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Tracking Down Missing Indexes in SQL Azure

Tracking Down Missing Indexes in SQL Azure

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One of the challenges of SQL Azure is that not all of the TSQL that you are used to using is supported yet.  Since the underlying engine is plain ole’ SQL Server, the engine can understand the TSQL, but we just block its use because we haven’t yet made it work in the multi-tenant, multi-server environment that is SQL Azure. 

One of the classic missing index scripts can be seen in Bart Duncan’s classic post.  For simplicity, I have reposted the TSQL below:

   1:  SELECT 
   2:    migs.avg_total_user_cost * (migs.avg_user_impact / 100.0) * (migs.user_seeks + migs.user_scans) AS improvement_measure, 
   3:    'CREATE INDEX [missing_index_' + CONVERT (varchar, mig.index_group_handle) + '_' + CONVERT (varchar, mid.index_handle) 
   4:    + '_' + LEFT (PARSENAME(mid.statement, 1), 32) + ']'
   5:    + ' ON ' + mid.statement 
   6:    + ' (' + ISNULL (mid.equality_columns,'') 
   7:      + CASE WHEN mid.equality_columns IS NOT NULL AND mid.inequality_columns IS NOT NULL THEN ',' ELSE '' END 
   8:      + ISNULL (mid.inequality_columns, '')
   9:    + ')' 
  10:    + ISNULL (' INCLUDE (' + mid.included_columns + ')', '') AS create_index_statement, 
  11:    migs.*, mid.database_id, mid.[object_id]
  12:  FROM sys.dm_db_missing_index_groups mig
  13:  INNER JOIN sys.dm_db_missing_index_group_stats migs ON migs.group_handle = mig.index_group_handle
  14:  INNER JOIN sys.dm_db_missing_index_details mid ON mig.index_handle = mid.index_handle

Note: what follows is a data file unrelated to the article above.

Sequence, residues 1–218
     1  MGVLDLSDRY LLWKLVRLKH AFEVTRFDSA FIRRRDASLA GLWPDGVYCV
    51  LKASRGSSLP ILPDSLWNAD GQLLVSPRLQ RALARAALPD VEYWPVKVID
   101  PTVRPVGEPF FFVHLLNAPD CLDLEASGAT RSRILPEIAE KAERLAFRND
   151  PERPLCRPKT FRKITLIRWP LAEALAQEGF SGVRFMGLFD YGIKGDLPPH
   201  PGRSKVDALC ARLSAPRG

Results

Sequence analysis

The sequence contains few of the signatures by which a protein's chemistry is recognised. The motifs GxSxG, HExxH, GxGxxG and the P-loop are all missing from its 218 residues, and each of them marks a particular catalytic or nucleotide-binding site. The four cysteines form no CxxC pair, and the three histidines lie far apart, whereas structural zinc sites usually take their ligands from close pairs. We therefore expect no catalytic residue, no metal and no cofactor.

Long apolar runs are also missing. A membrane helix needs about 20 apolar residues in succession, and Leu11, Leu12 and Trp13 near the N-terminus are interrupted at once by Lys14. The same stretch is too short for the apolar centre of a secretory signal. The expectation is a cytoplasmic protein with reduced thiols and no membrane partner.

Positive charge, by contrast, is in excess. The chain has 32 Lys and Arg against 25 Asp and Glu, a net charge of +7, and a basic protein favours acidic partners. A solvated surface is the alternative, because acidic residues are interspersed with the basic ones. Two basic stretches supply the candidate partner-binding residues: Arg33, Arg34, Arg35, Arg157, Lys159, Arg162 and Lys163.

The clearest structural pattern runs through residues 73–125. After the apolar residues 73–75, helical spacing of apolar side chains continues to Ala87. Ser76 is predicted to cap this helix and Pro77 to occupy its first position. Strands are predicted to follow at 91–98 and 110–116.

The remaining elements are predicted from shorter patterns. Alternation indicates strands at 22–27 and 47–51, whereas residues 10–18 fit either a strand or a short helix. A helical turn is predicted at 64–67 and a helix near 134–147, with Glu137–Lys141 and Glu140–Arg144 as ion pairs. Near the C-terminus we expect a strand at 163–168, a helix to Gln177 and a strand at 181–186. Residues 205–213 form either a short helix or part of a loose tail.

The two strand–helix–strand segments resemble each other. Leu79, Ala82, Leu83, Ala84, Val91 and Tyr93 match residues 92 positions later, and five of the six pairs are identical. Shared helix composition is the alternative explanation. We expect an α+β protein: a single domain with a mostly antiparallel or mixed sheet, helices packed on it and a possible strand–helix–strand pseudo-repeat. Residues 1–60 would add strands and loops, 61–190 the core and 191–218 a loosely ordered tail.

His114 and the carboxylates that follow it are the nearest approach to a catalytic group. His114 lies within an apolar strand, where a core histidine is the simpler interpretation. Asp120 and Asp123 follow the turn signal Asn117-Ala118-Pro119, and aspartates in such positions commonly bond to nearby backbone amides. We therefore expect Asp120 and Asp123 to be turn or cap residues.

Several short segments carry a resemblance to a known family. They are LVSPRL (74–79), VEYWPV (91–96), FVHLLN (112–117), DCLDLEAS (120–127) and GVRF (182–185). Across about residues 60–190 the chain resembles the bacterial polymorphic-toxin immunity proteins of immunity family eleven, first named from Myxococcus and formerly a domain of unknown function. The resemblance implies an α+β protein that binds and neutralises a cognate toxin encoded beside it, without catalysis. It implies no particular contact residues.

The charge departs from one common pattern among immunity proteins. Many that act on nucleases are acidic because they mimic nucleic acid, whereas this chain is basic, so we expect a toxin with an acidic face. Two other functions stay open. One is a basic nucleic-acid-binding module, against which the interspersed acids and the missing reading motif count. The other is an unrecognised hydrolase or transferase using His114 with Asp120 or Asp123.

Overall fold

15:  WHERE migs.avg_total_user_cost * (migs.avg_user_impact / 100.0) * (migs.user_seeks + migs.user_scans) > 10
  16:  ORDER BY migs.avg_total_user_cost * migs.avg_user_impact * (migs.user_seeks + migs.user_scans) DESC

Unfortunately, if you try to use this TSQL, you immediately run into the problem that none of the DMVs are supported in SQL Azure.  So much for the easy way…

Since the DMVs are just ongoing collections of information that you can collect manually from dm_exec_query_stats, I decided to try to build this up manually.  This led me to generate the following query:

 
   1:  SELECT top (50) cast(replace(cast(qp.query_plan as nvarchar(max)),'xmlns="http://schemas.microsoft.com/sqlserver/2004/07/showplan"','') as xml),
   2:  qp.query_plan.value('declare default element namespace "http://schemas.microsoft.com/sqlserver/2004/07/showplan"; (/ShowPlanXML/BatchSequence/Batch/Statements/StmtSimple/QueryPlan/MissingIndexes/MissingIndexGroup/@Impact)[1]' , 'decimal(18,4)') * execution_count AS TotalImpact
   3:  FROM sys.dm_exec_query_stats qs cross apply sys.dm_exec_sql_text(sql_handle) st cross apply sys.dm_exec_query_plan(plan_handle) qp 
   4:  WHERE qp.query_plan.exist('declare default element namespace "http://schemas.microsoft.com/sqlserver/2004/07/showplan";/ShowPlanXML/BatchSequence/Batch/Statements/StmtSimple/QueryPlan/MissingIndexes/MissingIndexGroup/MissingIndex[@Database!="m"]') = 1
   5:  ORDER BY TotalImpact DESC

This generates a list of ShowPlanXMLs ordered by “execution count * missing index group impact”.  Now that we have a list of ShowPlans ordered by overall impact, we need to parse the ShowPlanXML to pull out the missing indexes.  For those unfamiliar with the missing index information in ShowPlanXML data, here is an example:

<MissingIndexes><MissingIndexGroup Impact="98.6314"><MissingIndex Database="[BugCheck]" Schema="[dbo]" Table="[Watchlists]"><ColumnGroup Usage="EQUALITY"><Column Name="[ID]" ColumnId="1" /></ColumnGroup></MissingIndex></MissingIndexGroup></MissingIndexes>

As you can see, it contains all the information necessary to define the indexes the engine thinks are missing.

Now, for each ShowPlanXML row, we need to use XQuery to shred the MissingIndexes information into its key information.  In a classic case of copying good work already done instead of spending time doing it myself, I found that the Performance Dashboard Reports already do this shredding in one of their reports, so I could copy it: